Watching The Marvelous Mrs. Maisel on Amazon.
The first half of the new series The Marvelous Mrs. Maisel, now on Amazon Video as part of their free “pilot season,” is pretty much what you’d expect from a venture by Gilmore Girls creator Amy Sherman-Palladino. The production design is fantastic, the talking is fast, the characters are cartoonish, and what plot there is consists mostly of people being nice to each other basically without interruption. It’s a familiar setup—the titular midcentury wife (Rachel Brosnahan) who seems almost overly supportive of her husband (Michael Zegen) and children—and watching it, you keep waiting for the axe to fall. Betty left Don on Mad Men, Libby left Bill on Masters of Sex. We all cheered. We went to sleep.
The reckoning’s a long time coming, though. With its bold musical soundtrack, taking pages from Nora Ephron and Wes Anderson in equal measure, and its so-clean-you-can-eat-off-it facsimile of 1958 New York, it’s something between a musical and a Lucille Ball-era sitcom. Men are oblivious, women are hyper-verbal doers. The Jewish characterizations are broad but not quite lazy. For some reason, Tony Shahloub is in it. Trouble is nowhere in sight—the closest thing to indignation is when Miriam Maisel discovers her old ball and chain, a marketing executive and aspiring comedian, is stealing his act from Bob Newhart. “When I found out June Freedman used my meatloaf recipe,” she says, “I almost stabbed her in the eye with a fork.” (Paging Lorelai Gilmore.) It actually catches you off-guard when the change of heart in this whole antiseptic setup doesn’t come from Miriam Maisel at all but her husband, Joel, who has a bad set at the Gaslight and ups and abandons his family. We’ve all been there.
Suddenly everything is arrayed against Miriam to an almost terrifying degree; her world is arranged in degrees of unmindful cruelty, from her image-conscious parents (Shahloub and Marin Hinkle), who live two floors above her on Riverside Drive, to her condescending best friend, Imogene (Bailey De Young), who, planning for a trip below 14th Street, trills, “I’m gonna wear a beret!” Confronted with all this, Miriam, naturally, gets drunk on Manischewitz and runs down to the Village to do a quick spur-of-the-moment comedy routine of her own, and an attendant at the Gaslight (Alex Borstein) tells her she’s the best thing since Mort Sahl. Cue new career and new outlook on life.
Thus shines a by-the-book pilot in a weary world. The conceit of deep trauma translating to a great set (comic, musical, or otherwise) is becoming harder and harder to scan (see Funny People or Obvious Child or Sleepwalk with Me or Crashing on HBO—this is what we in the business call fatigue). It’s tired, and it’s a waste of the potential Sherman-Palladino creates with the world-building in which she engages in the first half of the episode. This sheltered, self-sustaining Jewish bubble on the Upper West Side, where four years is somehow long enough to develop a relationship with a butcher that lets you cut the line in a New York deli, is really and truly likeable in a way that feels very reminiscent of the Gilmores’ Star Hollow. It feels odd wanting a show to lean more on atmosphere, but, you know, peak TV—here we are.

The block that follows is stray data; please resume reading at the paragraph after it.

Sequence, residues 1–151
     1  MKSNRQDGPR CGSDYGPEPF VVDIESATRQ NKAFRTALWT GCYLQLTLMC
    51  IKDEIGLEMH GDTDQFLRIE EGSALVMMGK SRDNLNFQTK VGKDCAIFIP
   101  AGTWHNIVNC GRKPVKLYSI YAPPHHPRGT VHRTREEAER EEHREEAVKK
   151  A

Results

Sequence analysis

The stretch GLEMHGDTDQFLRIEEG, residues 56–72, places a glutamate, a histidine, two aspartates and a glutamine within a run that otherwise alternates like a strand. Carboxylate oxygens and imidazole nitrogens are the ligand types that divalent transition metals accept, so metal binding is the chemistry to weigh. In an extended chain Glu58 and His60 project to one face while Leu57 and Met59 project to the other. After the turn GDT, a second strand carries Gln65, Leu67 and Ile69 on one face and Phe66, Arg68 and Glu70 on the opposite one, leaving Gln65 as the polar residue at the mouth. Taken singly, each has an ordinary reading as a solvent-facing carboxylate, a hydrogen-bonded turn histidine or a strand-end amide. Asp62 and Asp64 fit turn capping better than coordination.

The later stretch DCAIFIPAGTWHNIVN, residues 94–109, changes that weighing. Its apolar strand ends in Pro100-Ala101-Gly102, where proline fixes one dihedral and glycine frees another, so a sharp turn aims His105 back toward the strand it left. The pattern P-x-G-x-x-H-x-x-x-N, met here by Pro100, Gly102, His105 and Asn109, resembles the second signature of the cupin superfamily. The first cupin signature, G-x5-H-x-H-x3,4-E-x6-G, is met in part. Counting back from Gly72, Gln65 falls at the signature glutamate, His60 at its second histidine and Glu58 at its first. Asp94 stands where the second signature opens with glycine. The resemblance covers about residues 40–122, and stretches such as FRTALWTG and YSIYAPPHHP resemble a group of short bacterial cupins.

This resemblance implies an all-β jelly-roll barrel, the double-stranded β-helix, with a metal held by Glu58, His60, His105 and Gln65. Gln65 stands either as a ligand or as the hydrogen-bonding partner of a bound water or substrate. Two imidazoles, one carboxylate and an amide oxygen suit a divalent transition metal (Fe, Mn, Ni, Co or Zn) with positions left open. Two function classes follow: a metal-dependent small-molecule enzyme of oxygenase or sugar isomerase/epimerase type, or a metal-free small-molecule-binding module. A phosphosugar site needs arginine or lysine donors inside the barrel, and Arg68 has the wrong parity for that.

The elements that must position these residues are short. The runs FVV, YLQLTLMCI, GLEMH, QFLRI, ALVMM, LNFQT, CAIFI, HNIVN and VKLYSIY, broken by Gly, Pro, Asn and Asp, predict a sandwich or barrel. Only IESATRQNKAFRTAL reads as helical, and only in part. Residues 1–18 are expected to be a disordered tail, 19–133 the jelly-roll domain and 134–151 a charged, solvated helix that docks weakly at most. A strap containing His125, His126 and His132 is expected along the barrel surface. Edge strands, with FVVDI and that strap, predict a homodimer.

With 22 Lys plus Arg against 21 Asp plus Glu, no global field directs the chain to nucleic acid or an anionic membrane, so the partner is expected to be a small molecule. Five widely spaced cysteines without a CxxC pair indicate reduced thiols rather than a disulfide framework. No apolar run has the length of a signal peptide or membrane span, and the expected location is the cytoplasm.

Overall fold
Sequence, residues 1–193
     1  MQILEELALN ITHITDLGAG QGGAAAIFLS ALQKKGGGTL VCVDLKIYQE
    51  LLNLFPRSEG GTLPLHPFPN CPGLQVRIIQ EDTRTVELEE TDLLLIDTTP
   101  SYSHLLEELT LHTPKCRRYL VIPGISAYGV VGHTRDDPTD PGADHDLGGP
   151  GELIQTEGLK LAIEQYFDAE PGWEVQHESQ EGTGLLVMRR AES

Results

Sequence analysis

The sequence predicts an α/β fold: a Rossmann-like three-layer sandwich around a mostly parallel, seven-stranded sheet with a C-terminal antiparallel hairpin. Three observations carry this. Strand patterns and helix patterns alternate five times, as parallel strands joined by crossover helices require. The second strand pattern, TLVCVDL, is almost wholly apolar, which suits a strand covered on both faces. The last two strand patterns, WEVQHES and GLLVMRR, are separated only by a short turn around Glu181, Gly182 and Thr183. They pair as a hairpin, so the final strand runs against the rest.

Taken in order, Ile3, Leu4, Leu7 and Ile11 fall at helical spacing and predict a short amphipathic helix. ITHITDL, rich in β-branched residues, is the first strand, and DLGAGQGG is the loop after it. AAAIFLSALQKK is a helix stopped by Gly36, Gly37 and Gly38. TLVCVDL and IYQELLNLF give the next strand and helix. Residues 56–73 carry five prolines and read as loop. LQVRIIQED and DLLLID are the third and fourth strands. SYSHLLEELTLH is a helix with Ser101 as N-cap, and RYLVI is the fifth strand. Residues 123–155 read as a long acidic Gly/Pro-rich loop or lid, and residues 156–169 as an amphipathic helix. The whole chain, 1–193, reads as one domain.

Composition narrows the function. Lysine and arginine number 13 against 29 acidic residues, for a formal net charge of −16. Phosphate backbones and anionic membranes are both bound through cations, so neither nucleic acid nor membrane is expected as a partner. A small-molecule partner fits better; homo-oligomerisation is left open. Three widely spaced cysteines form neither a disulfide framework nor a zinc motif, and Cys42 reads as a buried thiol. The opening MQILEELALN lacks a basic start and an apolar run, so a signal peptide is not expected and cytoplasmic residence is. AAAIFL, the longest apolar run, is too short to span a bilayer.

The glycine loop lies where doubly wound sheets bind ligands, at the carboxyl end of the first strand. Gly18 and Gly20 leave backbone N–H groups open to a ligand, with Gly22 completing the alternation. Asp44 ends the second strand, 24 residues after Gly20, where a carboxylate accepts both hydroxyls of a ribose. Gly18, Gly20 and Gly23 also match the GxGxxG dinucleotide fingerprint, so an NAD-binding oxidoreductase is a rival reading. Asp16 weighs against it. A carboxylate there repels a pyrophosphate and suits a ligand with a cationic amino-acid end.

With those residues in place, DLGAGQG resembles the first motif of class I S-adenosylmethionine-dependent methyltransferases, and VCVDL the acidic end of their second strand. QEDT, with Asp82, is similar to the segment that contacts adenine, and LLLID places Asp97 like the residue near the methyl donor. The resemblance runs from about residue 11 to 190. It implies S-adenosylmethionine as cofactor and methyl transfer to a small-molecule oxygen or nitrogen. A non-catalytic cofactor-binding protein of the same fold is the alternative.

If you’re looking for a salve for post-Mad Men blues, you’re in the wrong place; the Draper divorce makes the Maisel split look like a Caribbean vacation, and the show’s emotional depth is pretty constant throughout, though its wit is top-form. But Brosnahan (late of House of Cards) is consistently brilliant, and when Sherman-Palladino, who directed the first episode, frames her in the doorway of the now-uselessly-decorated dining room for a Yom Kippur that isn’t to be, it’s clear the show knows how to use her. The question is, where do we go from here? Amazon promoting pilot season as an event separate from the actual release of their shows, which themselves are usually relatively under-advertised, could be counterintuitive here. Stopping in to see a comic with a personal style who’s funny enough, you may not leave halfway through the set. But whether you’ll be dropping by the club every week is another matter entirely.